DOWNERS GROVE, Ill., April 27, 2015 /PRNewswire-USNewswire/ -- The CompTIA IT Industry Business Confidence Index took a small step back in Q2, halting several quarters of positive momentum. The Q2 Index slipped 1.3 points to 63.2 on a 100-point scale.
The index is based on IT executives' opinions of the U.S. economy, the IT industry and their own company. It is produced by CompTIA, the IT industry association.
All three components of the Index experienced modest declines in Q2, with the overall economy rating experiencing the biggest drop (2.3 points).
Even with the dip the Index remains solidly in positive territory, with a far greater percentage of positive business sentiment opinions than negative or neutral opinions.
"The forward-looking component of the Index projects a slight increase, suggesting IT industry executives expect the business climate to hold steady over the next two quarters," said Tim Herbert, vice president, research and market intelligence, CompTIA.
"The IT Industry Business Confidence Index generally reflects what I am observing in our regional market," said MJ Shoer, founder, president and virtual chief technology officer, Jenaly Technology Group, Portsmouth, N.H. and chairman of the CompTIA Board of Directors. "Our business outlook remains strong, with many of our clients continuing to adapt their technology to maintain their market competitiveness."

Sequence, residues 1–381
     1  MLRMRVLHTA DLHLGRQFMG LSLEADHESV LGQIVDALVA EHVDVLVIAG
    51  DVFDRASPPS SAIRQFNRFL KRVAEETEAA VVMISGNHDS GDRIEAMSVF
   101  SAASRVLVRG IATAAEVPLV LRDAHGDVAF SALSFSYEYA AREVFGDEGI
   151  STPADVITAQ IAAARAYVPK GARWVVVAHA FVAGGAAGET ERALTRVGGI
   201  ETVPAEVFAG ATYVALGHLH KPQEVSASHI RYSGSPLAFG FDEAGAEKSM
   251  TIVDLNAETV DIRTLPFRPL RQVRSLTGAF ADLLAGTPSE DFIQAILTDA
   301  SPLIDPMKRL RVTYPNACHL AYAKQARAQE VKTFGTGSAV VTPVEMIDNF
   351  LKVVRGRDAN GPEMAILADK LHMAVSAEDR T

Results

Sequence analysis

The majority of IT companies – 75 percent – report being on track or ahead of their sales goals through Q1. The remaining 25 percent of firms report lagging behind their sales goals year to date; a factor likely contributing to the slight fall off in the overall Index.
"With three-fourths of IT companies meeting or outperforming their sales goals, it should be viewed as a good sign that most continue to see strong customer demand for technology," noted Herbert.
Analysis of the survey data by company size reveals a few key differences.
Micro-size IT firms (fewer than 10 employees) have a slightly more bearish view of the economy and their company's business prospects.
"This may stem from greater sensitivity to fluctuations in the economy or their customer base," Herbert said.
Large IT firms (500 or more employees) also report slightly less positive business sentiment. Although top business concerns revolve around the usual economic factors or margin pressures, one factor that is increasingly cited is concern over the rapidly strengthening U.S. dollar relative to other currencies. Among large publicly traded tech companies, many are generating upwards of half of their sales internationally.
"Even with currency hedging, heavy exposure to currency fluctuations may challenge even the most sophisticated firms," he said.
CompTIA's IT Industry Business Confidence Index for Q2 is based on an April 2015 online survey of executives at 290 U.S. IT companies. The complete report is available at http://www.comptia.org/resources/it-industry-business-confidence-index-q2-2015.